An intact mammoth is displayed in a block of ice in a natural history museum in Mammoth (2006), shown in Europe by the non sequitor title Outbreak.
This is yet another fantastically inept Sci Fi Channel cable movie. The absurd giant ice cube glows blue, does not need refrigeration to keep it from melting, nor does it make the room in which it is displayed the least bit chilly.
This is a set-up so pigshit ignorant one wonders if pod people have taken over the Sci Fi Channel's production teams.
A girl named Jack (Summer Glau, the robot-babe from the Sarah Connor Chronicles) has a cool old grampa Simon (Tom Skirrit of Picket Fences) who is a horror film fan who runs a little cinema.
Her dad Dr. Frank Abernathy (Vincent Ventresca, star of forgotten fantasy series' The Invisible Man & Prey) works with the magically unmelting ice cube mammoth.
The mammoth turns out to be a beacon that contacts a distant flying saucer culture. No, really, that's the premise.
Aliens send a device from outer space which crashes into the museum like a meteor, bursts open the giant blue ice cube, & reactivates the mammoth.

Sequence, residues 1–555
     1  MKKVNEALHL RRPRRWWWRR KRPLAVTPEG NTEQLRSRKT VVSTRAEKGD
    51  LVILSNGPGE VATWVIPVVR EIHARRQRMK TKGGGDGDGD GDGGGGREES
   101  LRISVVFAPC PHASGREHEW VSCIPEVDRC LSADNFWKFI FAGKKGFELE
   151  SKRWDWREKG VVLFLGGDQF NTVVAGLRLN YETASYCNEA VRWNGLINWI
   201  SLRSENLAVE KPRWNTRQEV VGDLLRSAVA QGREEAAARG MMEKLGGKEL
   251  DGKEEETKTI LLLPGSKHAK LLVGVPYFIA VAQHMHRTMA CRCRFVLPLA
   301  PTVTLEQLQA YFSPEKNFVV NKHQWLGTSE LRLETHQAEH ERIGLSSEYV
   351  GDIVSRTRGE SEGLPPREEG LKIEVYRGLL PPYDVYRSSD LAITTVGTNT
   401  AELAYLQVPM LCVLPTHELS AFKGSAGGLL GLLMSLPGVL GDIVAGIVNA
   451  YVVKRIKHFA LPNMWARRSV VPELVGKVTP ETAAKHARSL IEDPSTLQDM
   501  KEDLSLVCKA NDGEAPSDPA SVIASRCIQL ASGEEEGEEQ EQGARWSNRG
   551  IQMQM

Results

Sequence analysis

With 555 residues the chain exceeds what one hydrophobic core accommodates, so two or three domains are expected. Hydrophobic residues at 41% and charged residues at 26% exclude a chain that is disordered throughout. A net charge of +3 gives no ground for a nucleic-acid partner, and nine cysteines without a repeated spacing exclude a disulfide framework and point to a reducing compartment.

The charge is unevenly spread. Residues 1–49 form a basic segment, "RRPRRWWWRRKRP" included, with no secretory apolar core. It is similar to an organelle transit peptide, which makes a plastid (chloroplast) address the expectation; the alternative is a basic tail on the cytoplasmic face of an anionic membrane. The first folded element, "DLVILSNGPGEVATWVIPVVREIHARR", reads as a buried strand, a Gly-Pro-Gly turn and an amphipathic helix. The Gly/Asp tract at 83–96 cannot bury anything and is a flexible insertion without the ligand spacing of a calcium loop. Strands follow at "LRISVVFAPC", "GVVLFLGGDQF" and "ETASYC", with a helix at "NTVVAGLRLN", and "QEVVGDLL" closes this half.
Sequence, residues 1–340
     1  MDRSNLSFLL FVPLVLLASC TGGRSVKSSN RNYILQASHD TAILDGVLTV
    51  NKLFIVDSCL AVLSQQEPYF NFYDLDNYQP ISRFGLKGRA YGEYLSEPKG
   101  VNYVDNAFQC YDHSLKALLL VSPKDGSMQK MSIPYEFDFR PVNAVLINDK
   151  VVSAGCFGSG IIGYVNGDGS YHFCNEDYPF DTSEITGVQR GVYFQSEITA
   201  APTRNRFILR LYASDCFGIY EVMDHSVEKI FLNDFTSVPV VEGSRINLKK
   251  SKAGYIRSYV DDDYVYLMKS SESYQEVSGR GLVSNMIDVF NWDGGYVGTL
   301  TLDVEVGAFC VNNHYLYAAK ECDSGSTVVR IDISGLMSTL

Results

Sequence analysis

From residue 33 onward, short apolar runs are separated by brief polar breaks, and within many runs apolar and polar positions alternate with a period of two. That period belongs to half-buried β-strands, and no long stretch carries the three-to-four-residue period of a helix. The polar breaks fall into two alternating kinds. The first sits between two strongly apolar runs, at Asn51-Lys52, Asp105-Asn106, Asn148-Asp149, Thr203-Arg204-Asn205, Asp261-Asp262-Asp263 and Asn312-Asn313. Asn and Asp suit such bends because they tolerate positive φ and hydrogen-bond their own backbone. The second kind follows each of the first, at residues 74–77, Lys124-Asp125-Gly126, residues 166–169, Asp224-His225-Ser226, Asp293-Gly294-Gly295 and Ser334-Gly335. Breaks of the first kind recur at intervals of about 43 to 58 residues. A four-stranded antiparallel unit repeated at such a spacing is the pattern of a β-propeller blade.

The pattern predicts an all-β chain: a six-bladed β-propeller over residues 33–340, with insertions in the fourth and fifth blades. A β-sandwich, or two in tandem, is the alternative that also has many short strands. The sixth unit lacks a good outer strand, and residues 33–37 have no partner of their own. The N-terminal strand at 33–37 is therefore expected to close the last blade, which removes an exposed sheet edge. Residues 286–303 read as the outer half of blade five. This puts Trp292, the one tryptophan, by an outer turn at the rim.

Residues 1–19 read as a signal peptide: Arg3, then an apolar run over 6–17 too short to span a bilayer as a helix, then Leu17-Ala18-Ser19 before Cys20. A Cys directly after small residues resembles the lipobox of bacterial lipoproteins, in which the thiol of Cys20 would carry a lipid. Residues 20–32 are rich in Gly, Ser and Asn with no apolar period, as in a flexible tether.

An alien now inhabits the mammoth's body, using the trunk as a vacuum cleaner to vampirically suck life out of people. Soon government agents arrive, with less than a day to contain the threat or the town will be eradicated by means of nuclear bomb.
Even if you like the FX for the mammoth, the budget was too small to show more than a few seconds of the beast. So the film relies instead on bad comedy bits inserted here & there, & nutty characters failing to register as entertaining because the script is so lame & their acting not much better.
Only Tom Skirrit is capable of investing any life or conviction into his grampa act, & he makes the codger's devotion to flying saucer lore somehow credible despite the story's largely intentional silliness.
I'm not exaggerating about the blithering idiocy of the script. It asks us to believe such nonsense as liquid nitrogen can be sprayed from a firehouse without freezing the hose, or that a mammoth can sneak up on people so quietly no one hears it coming, then vanish just as quickly without anyone being able to tell where it went.
The film for most of its length seems to have been intended for ages six & under, & for the least discerning kids Mammoth just might be as tasty as canned corn. However, when Jack's boyfriend is summarily killed for the film's one gore-gag, the impact is mainly, "Well gee, that's not appropriate in a film otherwise for preschoolers." So I guess it's aimed at no one.
copyright © by Paghat the Ratgirl